Perhaps the most concrete implication we can draw from the context of Genesis 1 about being made in the image of God is that we were endowed with authority. We are made to rule with the Divine Creator. We have been given dominion and stewardship over this earth and having an affinity with God, and being agents/representatives of Him, we ought to use our authority for His glory (see also Psa. 8). Like God, we exercise our capacities and capabilities of intelligence, creativity, etc. to continue to care for, cultivate, and capitalize on the resources that He’s given us to be a blessing to others. For Adam and Eve, their task was gardening (Gen. 2:15). In our vocations, we are to employ our faculties and capabilities to do good, but this idea extends far beyond the workplace. We are created as God’s workmanship, created for good works and this applies to all of life (Eph. 2:10). We each have different capabilities and capacities, but we are all created in or as God’s image. It is our divinely appointed task to glorify God and bless others. Because of this, it is difficult to prescribe specific tasks to each individual. However, some questions might help each of us figure out how we can uniquely image God.

What are my skills and abilities that I can employ to be a blessing to others?

How has my training, background, experience, etc. equipped me to make a difference in someone else’s life?

What knowledge has God blessed me with that I can pass on to others?

What resources has God given me that I can utilize and share to His glory?

Excel Still More in Love and Holiness (1 Thessalonians)

Monday, March 23, 2020

First, let me say that it was so good to see each of you worshiping yesterday. We had so many people tuned in to our various live streams singing, praying, and thinking together with one another.  The form may have changed, but God was still praised, we were mutually edified and encouraged, and the truth of the gospel was proclaimed. I was encouraged by all who made it a priority to tune in and be part of what we were doing. I was especially encouraged by our Bible class last night. We had great attendance and participation. Let us continue to consider how to stir one another up to love and good works. Especially during this time in which we are absent in body, let us all the more draw near in spirit.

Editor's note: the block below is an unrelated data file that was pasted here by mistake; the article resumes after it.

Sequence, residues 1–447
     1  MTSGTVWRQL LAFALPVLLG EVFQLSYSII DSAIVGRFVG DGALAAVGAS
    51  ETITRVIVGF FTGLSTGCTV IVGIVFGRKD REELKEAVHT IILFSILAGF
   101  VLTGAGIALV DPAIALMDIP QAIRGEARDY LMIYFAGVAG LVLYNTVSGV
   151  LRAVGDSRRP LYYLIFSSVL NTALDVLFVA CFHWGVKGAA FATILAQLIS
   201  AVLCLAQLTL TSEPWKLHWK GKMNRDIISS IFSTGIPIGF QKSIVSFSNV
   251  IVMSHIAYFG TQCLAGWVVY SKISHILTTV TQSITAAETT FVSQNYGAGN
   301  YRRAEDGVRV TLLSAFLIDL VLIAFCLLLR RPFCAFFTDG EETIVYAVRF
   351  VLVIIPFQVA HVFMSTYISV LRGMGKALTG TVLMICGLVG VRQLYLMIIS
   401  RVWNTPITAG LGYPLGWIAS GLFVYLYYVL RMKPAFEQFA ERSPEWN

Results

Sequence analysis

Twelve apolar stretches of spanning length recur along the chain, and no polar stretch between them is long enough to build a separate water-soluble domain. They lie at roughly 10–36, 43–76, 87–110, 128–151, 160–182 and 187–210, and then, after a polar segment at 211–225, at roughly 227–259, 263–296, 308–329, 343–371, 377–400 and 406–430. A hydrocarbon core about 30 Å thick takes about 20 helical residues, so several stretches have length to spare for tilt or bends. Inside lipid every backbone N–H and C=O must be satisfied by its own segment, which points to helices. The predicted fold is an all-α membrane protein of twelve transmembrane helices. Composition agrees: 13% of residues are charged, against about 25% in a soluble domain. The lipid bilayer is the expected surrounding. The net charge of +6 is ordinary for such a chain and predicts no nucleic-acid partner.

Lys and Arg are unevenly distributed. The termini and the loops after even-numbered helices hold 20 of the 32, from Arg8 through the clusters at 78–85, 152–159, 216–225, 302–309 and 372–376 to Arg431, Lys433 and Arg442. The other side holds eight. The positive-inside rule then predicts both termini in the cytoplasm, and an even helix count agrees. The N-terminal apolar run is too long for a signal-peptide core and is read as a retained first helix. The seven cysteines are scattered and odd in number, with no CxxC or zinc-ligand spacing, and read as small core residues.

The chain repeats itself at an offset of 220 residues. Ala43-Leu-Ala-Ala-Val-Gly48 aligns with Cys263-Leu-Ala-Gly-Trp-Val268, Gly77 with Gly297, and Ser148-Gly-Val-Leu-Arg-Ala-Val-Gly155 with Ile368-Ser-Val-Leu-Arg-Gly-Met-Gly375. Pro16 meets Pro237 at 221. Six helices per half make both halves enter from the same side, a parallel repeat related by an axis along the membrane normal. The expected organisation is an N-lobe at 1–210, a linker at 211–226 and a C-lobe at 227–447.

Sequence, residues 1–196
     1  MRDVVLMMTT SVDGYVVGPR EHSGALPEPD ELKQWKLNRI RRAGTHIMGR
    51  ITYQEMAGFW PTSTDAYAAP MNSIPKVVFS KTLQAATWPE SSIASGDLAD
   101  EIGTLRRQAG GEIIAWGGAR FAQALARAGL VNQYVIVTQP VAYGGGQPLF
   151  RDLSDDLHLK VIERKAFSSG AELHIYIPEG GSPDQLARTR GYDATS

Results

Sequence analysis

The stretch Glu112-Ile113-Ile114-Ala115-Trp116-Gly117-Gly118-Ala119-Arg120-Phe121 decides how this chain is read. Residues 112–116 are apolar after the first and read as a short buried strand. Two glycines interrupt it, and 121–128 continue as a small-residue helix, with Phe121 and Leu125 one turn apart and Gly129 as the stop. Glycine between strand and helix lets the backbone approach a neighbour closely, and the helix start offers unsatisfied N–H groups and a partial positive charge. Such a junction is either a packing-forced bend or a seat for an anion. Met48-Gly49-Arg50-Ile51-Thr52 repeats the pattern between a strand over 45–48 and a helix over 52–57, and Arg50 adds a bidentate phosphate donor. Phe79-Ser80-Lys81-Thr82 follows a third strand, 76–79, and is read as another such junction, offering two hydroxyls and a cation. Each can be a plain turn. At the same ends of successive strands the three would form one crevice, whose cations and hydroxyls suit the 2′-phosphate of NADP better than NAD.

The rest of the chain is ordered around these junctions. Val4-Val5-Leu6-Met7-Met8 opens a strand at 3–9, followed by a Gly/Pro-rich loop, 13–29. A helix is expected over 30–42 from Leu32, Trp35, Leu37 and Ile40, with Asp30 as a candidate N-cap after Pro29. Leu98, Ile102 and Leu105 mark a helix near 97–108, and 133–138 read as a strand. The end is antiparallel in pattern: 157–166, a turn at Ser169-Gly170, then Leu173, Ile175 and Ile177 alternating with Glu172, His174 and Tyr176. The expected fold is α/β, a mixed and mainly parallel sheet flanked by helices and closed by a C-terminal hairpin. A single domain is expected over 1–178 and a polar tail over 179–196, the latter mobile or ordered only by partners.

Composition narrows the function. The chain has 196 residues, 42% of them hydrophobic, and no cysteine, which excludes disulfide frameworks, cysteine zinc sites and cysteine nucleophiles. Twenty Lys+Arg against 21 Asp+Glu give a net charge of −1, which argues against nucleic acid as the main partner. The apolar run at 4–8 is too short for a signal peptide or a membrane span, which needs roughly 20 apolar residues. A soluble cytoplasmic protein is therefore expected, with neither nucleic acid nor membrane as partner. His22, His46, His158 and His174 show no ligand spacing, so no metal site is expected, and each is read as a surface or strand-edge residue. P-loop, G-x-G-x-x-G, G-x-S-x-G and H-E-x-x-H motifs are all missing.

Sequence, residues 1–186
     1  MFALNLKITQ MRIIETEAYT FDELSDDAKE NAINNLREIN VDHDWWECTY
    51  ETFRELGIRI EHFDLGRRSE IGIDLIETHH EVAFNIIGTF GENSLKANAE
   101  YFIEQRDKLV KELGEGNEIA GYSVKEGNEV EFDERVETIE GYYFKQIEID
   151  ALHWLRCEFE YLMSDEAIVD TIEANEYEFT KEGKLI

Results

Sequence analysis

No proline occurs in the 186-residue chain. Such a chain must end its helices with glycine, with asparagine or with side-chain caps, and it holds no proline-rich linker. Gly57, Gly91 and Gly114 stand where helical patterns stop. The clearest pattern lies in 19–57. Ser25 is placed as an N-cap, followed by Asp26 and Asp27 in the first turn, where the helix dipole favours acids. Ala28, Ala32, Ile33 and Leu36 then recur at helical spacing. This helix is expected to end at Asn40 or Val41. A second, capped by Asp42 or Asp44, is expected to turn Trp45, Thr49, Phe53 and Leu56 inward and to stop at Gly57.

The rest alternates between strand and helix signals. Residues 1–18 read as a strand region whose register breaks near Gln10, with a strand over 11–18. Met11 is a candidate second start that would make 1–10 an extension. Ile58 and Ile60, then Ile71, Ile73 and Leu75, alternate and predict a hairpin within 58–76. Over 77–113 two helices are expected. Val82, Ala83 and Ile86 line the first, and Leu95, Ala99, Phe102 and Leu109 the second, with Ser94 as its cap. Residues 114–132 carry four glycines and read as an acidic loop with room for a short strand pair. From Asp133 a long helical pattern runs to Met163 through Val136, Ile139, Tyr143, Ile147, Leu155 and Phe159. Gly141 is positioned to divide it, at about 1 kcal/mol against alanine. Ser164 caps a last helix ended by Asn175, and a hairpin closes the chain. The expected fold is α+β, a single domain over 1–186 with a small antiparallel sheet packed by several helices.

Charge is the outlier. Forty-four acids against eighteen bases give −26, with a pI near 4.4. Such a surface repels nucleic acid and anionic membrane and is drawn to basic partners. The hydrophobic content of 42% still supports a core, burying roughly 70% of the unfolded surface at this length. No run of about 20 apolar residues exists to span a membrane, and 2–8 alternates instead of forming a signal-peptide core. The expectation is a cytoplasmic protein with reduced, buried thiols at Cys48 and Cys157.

Applying Sunday’s Sermon:

That serves as a good segue into what we discussed Sunday morning. Paul, though torn away in person, was present in spirit as he endeavored eagerly to be able to come to the Thessalonians again so that he could supply what was lacking in their faith (1 Thess. 2:17; 3:10). In lieu of being able to be there with them, Paul did the next best thing he knew to do, send a letter. A letter in the ancient world was the way to communicate one’s presence and passion even when separated by long distances. In Paul’s letter to the Thessalonians, he reminds them of his deep love for them and encourages them to continue to follow his example. He writes primarily to encourage them to build on their foundation of faith, hope, and love and to continue to excel still more in the arenas of holiness and love. Paul describes this as a cooperative effort, God is working to cause the abound in love and holiness (1 Thess. 3:10-13; 5:23) even as the Thessalonians press on toward the same goal (1 Thess. 4:1-3; 10).  I want us to consider how this goal might be achieved, particularly in reference to excelling in holiness. This, of course, does not happen haphazardly. Holiness takes work. I think about the song we sometimes sing, Take Time to Be Holy. The title itself suggests that holiness is a pursuit for which preparation and persistence are important.